On a side note: the question could certainly be improved by both linking to datasheet of the respective sensors and listing their requirements in the question itself. Think of it that way: would it not be easier for people to give an appropriate answer if you provide those information in the first place? Would it not show your own effort to solve the issue? This is even more important as there are different devices out there with the same name, i.e. in the case of the BME280 it is possible to purchase the bare sensor or a sensor module (such as the one offered by Adafruit).

6
  • Thank you so much for the response. I have edited my question now. I am now concerned regarding the current magnitude. As the sensor module draws only around 600 micro Amps , is it fine to connect it directly to pi?? Moreover, if I want to give a common power source for both pi and sensor means , how can it be done (without driving the sensor module from pi, but just connecting it with pi for I2C data transfer)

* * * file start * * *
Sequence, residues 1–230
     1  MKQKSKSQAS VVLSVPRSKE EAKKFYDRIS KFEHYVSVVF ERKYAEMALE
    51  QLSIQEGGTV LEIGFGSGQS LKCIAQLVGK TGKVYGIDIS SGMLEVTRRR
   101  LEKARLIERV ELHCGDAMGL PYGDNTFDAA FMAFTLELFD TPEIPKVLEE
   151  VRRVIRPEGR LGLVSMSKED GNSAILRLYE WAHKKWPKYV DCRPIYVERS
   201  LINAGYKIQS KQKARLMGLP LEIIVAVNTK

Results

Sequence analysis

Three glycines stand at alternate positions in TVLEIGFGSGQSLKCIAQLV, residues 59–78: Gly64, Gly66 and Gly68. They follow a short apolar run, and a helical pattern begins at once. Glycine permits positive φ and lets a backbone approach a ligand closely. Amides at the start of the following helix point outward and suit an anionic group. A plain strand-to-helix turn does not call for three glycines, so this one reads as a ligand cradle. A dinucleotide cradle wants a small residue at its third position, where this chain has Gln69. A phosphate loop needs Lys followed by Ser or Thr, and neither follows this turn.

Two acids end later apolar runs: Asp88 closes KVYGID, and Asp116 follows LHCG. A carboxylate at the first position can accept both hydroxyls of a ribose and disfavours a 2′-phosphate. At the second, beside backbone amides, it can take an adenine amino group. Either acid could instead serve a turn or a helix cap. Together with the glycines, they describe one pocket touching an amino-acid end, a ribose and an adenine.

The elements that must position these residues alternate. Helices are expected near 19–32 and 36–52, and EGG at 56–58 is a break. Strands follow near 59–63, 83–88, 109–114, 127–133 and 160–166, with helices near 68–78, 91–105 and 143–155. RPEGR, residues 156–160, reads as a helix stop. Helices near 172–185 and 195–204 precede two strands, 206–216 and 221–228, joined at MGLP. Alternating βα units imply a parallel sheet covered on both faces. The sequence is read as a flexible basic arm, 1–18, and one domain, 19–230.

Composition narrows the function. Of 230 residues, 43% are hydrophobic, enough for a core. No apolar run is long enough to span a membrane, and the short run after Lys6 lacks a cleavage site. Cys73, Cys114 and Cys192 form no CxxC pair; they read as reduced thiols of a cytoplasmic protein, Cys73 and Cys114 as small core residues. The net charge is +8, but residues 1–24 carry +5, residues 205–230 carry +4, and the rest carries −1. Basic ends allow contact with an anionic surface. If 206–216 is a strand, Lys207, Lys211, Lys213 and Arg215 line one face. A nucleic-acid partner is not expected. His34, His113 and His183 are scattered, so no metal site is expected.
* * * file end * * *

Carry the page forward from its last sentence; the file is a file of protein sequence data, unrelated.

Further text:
– Vishnu
    Commented Apr 13, 2016 at 8:39
  • 600 µA is almost nothing. Don't worry about that. Your Pi and most likely your power supply can provide this.
    – Ghanima
    Commented Apr 13, 2016 at 8:44
  • If I give a 5v supply to pi from a Regulated Power Supply and connect sensor module to pi directly , will it be fine??
    – Vishnu
    Commented Apr 13, 2016 at 8:51
  • No, it won't. See my updated answer.
    – Ghanima
    Commented Apr 13, 2016 at 9:00
  • Thank you so much for the response. Just check what I have understood is correct or not. I will connect my pi with Computer's CPU using USB and connect the sensor modules to 3.3v GPIO of raspberry pi.
    – Vishnu
    Commented Apr 13, 2016 at 9:09
1

The BME280 looks like a viable option, and it can connect directly to Pi's GPIO, which gives you lots of opportunity. However I have not found much info on the BMA180 sensor. If your after a 3 axis accelerometer may I suggest the ADXL345 available here. There is also instructions on the same page for setting it up.

I'm not sure what you mean by "How can I accommodate between the difference in voltage and current levels with a single power source". But if your worried about connecting multiple sensors to the GPIO, there are plenty of guides out there easy to find.

3